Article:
Hdl Handle:
http://hdl.handle.net/10034/68517
Title:
Changing patterns of drug use in British sport from the 1960s
Authors:
Waddington, Ivan
Abstract:
The objective of this paper is systematically to examine evidence relating to the prevalence and the changing patterns of drug use in British sport in the period from the 1960s to the present. There are four major sources of information about the prevalence of drug use among athletes: investigative journalism, including the writings and testimonials of athletes and others involved in sport; formal investigations, which may have legal or quasi-legal powers; surveys; and results from drug testing. The methodological problems associated with these sources of data are discussed. It is concluded that the data suggest that since the 1960s there has been a substantial increase in the use of performance-enhancing drugs by British athletes. More particularly the data suggest that, in athletics, the use of drugs has spread from the heavy throwing events to many other track and field events, and that it has spread from athletics and weightlifting - the sports in which drugs were most frequently used in the 1960s - to many other sports. The use of performance-enhancing drugs has also spread down from the elite to much lower levels, while the use of drugs is now widespread among non-competitive recreational athletes in other sport-related contexts such as gymnasiums.
Affiliation:
University College Chester
Citation:
Sport in History, 25(3), 2005, pp. 472-496
Publisher:
Taylor & Francis
Journal:
Sport in History
Publication Date:
2005
URI:
http://hdl.handle.net/10034/68517
DOI:
10.1080/17460260500396335
Additional Links:
http://www.tandf.co.uk/journals/titles/17460263.asp
Type:
Article
Language:
en
Description:
This article is not available through ChesterRep.
ISSN:
1746-0263; 1746-0271
Appears in Collections:
Sport and Exercise Sciences

Full metadata record

DC FieldValue Language
dc.contributor.authorWaddington, Ivan-
dc.date.accessioned2009-05-19T08:25:47Z-
dc.date.available2009-05-19T08:25:47Z-
dc.date.issued2005-
dc.identifier.citationSport in History, 25(3), 2005, pp. 472-496en
dc.identifier.issn1746-0263-
dc.identifier.issn1746-0271-
dc.identifier.doi10.1080/17460260500396335-
dc.identifier.urihttp://hdl.handle.net/10034/68517-
dc.descriptionThis article is not available through ChesterRep.en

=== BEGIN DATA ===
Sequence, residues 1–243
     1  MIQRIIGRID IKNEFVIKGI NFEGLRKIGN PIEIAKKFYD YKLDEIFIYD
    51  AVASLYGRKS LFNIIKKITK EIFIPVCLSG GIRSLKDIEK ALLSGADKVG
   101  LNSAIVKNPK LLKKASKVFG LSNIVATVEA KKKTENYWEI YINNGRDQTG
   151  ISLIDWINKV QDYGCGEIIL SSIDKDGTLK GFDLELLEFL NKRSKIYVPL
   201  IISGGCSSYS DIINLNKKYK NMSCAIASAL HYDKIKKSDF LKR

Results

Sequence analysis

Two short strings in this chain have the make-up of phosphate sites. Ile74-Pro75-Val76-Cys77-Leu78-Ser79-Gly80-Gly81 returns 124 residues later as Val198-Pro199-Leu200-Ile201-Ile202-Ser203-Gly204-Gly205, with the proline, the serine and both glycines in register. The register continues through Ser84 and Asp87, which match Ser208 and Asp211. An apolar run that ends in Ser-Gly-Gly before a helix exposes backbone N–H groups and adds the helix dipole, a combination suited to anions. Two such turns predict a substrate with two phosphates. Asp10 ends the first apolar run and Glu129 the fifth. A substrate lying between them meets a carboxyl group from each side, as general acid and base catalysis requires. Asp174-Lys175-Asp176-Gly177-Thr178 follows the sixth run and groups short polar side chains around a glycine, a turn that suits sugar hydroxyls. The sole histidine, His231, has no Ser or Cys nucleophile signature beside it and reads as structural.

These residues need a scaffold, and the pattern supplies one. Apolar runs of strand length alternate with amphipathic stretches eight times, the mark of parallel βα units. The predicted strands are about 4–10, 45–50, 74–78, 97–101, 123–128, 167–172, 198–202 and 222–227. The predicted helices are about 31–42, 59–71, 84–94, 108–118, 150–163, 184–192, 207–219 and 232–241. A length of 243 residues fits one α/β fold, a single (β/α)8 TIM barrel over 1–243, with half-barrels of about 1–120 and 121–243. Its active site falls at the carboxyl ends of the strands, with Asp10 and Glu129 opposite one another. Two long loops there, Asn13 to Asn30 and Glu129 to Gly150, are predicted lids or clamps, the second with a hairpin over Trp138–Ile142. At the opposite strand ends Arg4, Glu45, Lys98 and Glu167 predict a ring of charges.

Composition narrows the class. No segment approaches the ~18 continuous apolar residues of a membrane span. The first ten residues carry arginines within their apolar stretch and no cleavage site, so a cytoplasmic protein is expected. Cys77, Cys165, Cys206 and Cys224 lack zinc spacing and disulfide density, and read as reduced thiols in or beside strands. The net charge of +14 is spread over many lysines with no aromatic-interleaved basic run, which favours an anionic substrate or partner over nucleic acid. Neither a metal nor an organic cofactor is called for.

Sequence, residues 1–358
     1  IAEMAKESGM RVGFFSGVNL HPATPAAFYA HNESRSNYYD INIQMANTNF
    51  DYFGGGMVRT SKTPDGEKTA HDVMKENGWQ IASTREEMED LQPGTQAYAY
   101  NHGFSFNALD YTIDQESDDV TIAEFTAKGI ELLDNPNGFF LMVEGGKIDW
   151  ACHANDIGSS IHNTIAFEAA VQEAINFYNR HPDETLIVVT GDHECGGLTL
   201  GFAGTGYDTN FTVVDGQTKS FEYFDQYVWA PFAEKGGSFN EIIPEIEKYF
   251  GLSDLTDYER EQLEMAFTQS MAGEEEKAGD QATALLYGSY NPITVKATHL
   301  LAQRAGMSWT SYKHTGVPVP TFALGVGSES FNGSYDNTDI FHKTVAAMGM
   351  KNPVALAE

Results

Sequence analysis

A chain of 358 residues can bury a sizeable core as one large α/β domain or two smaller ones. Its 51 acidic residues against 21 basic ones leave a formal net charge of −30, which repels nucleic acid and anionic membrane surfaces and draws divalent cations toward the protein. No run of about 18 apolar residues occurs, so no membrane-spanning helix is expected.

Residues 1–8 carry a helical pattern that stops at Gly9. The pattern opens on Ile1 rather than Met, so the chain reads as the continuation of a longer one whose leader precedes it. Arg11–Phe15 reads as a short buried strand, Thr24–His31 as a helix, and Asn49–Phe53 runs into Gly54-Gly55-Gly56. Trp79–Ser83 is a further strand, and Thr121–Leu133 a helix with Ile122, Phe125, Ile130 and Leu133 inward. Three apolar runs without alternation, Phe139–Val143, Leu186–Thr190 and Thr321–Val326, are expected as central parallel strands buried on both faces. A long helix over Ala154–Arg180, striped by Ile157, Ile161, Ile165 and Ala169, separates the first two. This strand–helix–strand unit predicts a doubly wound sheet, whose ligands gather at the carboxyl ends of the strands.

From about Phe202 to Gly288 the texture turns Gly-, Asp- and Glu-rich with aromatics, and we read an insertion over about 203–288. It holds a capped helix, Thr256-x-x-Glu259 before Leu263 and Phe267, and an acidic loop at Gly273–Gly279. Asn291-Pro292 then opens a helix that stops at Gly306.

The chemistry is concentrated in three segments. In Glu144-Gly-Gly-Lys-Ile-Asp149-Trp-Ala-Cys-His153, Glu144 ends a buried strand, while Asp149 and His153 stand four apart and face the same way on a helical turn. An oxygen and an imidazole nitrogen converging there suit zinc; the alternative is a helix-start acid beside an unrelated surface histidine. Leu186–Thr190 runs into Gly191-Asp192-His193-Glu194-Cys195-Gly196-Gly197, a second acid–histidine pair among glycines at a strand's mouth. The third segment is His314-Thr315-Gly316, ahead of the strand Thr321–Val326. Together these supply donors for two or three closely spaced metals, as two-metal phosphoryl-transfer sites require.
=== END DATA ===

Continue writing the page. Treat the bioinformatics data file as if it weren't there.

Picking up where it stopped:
dc.description.abstractThe objective of this paper is systematically to examine evidence relating to the prevalence and the changing patterns of drug use in British sport in the period from the 1960s to the present. There are four major sources of information about the prevalence of drug use among athletes: investigative journalism, including the writings and testimonials of athletes and others involved in sport; formal investigations, which may have legal or quasi-legal powers; surveys; and results from drug testing. The methodological problems associated with these sources of data are discussed. It is concluded that the data suggest that since the 1960s there has been a substantial increase in the use of performance-enhancing drugs by British athletes. More particularly the data suggest that, in athletics, the use of drugs has spread from the heavy throwing events to many other track and field events, and that it has spread from athletics and weightlifting - the sports in which drugs were most frequently used in the 1960s - to many other sports. The use of performance-enhancing drugs has also spread down from the elite to much lower levels, while the use of drugs is now widespread among non-competitive recreational athletes in other sport-related contexts such as gymnasiums.en
dc.language.isoenen
dc.publisherTaylor & Francisen
dc.relation.urlhttp://www.tandf.co.uk/journals/titles/17460263.aspen
dc.subjectdrug useen
dc.subjectBritainen
dc.subjectsportsen
dc.titleChanging patterns of drug use in British sport from the 1960sen
dc.typeArticleen
dc.contributor.departmentUniversity College Chesteren
dc.identifier.journalSport in Historyen
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